Concessions/Paschal's, J.V. currently operates three Paschal's locations in Hartsfield-Jackson Atlanta International Airport. They are located in the Atrium, Concourse A and Concourse C.
In 1996, Paschal's Motor Hotel was sold to the Atlanta University Center.
In 1997, a street was named after James and Robert Paschal by the Atlanta City Council. Jeptha & Taliaferro was renamed Paschal Boulevard.
In March of 2002, the two business leaders, James Paschal and Herman J. Russell, joined together once again to open the 21st century version of Paschal's on Northside Drive in the Castleberry Hill area.
In 2005, Phi Beta Sigma Fraternity, Inc. presented lifetime members James Paschal and Herman J. Russell with a Lifetime Achievement Award at the fraternity conclave held in Los Angeles, California. On November 8, 2005, James and Robert Paschal were honored as Entrepreneurs by the Hospitality Hall of Fame sponsored by The Atlanta Convention & Visitors Bureau.
On November 20, 2006, James Paschal was inducted into The Atlanta Tribune Magazine Hall of Fame, "Saluting Men of the Civil Rights Movement".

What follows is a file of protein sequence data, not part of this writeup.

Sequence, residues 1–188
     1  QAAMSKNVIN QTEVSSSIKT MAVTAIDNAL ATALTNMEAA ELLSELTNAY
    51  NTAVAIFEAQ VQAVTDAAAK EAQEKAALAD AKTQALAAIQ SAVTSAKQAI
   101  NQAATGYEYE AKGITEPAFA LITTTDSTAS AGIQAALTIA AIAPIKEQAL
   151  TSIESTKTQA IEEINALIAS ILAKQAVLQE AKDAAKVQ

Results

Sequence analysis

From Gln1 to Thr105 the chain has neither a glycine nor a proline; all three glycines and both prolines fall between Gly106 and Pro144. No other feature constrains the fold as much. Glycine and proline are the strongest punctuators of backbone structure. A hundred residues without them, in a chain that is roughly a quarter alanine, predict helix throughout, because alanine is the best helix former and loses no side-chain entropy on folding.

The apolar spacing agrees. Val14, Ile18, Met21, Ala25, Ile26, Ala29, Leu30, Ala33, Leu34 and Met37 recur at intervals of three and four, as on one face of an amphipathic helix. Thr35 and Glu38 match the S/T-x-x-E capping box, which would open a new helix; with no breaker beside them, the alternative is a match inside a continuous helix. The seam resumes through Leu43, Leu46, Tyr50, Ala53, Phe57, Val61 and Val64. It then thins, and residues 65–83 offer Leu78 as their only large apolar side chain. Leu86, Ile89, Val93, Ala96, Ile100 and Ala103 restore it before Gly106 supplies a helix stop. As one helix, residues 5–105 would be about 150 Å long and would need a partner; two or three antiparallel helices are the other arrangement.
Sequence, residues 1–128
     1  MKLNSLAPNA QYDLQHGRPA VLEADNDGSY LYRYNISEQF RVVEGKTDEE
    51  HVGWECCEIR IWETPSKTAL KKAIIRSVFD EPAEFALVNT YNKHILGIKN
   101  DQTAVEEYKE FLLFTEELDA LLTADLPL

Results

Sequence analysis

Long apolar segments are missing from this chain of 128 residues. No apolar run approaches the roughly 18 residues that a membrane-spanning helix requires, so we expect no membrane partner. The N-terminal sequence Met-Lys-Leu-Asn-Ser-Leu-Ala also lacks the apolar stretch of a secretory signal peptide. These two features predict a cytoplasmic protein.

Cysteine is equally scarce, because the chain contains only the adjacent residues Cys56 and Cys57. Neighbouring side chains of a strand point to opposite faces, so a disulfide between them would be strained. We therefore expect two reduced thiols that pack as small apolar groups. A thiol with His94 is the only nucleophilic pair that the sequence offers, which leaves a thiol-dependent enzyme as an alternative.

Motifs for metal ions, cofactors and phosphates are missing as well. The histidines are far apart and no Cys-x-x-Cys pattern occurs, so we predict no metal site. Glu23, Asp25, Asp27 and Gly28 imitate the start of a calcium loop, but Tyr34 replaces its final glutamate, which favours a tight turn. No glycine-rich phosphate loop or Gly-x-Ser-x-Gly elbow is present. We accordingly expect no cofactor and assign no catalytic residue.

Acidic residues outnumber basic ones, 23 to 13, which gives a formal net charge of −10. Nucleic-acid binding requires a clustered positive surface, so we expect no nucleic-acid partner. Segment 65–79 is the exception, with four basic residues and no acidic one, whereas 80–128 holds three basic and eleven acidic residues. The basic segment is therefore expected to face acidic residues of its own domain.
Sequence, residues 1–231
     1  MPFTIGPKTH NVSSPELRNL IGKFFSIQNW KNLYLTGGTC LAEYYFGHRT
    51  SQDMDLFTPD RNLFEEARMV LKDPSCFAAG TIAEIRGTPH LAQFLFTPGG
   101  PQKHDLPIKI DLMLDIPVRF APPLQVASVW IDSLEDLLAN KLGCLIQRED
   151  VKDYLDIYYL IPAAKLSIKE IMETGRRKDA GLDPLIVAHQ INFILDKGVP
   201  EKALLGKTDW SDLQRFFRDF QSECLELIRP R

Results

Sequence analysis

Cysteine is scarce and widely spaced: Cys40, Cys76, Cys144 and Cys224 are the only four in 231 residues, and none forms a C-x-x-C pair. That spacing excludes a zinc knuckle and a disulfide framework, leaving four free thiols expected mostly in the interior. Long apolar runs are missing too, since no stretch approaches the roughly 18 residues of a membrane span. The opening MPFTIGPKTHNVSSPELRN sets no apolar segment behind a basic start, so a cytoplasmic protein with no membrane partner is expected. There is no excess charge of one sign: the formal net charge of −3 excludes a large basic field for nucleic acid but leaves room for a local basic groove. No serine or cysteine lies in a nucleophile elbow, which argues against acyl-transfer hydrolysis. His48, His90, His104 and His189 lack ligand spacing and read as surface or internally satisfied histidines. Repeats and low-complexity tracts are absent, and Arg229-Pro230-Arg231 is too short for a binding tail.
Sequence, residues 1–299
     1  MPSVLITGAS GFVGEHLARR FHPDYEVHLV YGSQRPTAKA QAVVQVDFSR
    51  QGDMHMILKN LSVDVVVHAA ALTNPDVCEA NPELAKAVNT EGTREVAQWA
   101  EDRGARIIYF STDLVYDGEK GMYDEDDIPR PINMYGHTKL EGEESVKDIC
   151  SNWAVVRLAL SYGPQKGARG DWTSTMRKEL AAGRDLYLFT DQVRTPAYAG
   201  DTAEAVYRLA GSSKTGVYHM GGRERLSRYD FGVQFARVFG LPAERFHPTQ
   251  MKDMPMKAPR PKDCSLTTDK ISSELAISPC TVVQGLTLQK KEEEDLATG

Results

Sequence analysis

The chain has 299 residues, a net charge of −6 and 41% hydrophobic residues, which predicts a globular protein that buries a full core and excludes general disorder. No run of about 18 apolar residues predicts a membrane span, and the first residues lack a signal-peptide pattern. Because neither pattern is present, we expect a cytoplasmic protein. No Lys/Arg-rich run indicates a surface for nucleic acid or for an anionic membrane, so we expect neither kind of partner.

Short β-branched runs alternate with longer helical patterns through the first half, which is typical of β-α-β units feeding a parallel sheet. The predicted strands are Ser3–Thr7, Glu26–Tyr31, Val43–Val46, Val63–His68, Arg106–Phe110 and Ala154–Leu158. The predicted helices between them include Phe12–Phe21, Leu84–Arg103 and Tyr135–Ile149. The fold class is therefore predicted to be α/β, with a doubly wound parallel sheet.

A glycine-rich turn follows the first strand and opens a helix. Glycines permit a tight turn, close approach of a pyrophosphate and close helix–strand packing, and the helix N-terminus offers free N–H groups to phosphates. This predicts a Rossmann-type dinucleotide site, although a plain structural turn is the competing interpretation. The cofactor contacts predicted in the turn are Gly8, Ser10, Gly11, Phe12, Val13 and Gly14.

In 2006, "Paschal Living the Dream" An Inspirational Memoir by James Vaughn Paschal as told to Mae Armster Kendall, Ed.D., was published. In 2007, the revised version titled "Paschal – Serving Up Hope and Freedom" was printed.
On July 22, 2008, James Paschal was presented with a "Men of Influence" award from the Atlanta Business League. On November 18, 2008, James Paschal was honored as being a pioneering entrepreneur with induction into the "Atlanta Business League Business Hall of Fame".
The kitchen is where Robert loved to be. Many times James would convince Robert to take a vacation he had planned for him only to find Robert had returned early to get back to work in his kitchen. Robert Paschal passed away on February 27, 1997.
Remembering his favorite saying; "The building may tumble, our bodies will decay, but the history and the memories will live on…and, hopefully multiply". James Paschal passed away on November 28, 2008.
For more than 50 years James and Robert Paschal worked 17-hour days, 7 days a week to grow their business, and today people from all over the world still enjoy the Paschal cuisine. Family members and loyal employees continue to operate the business.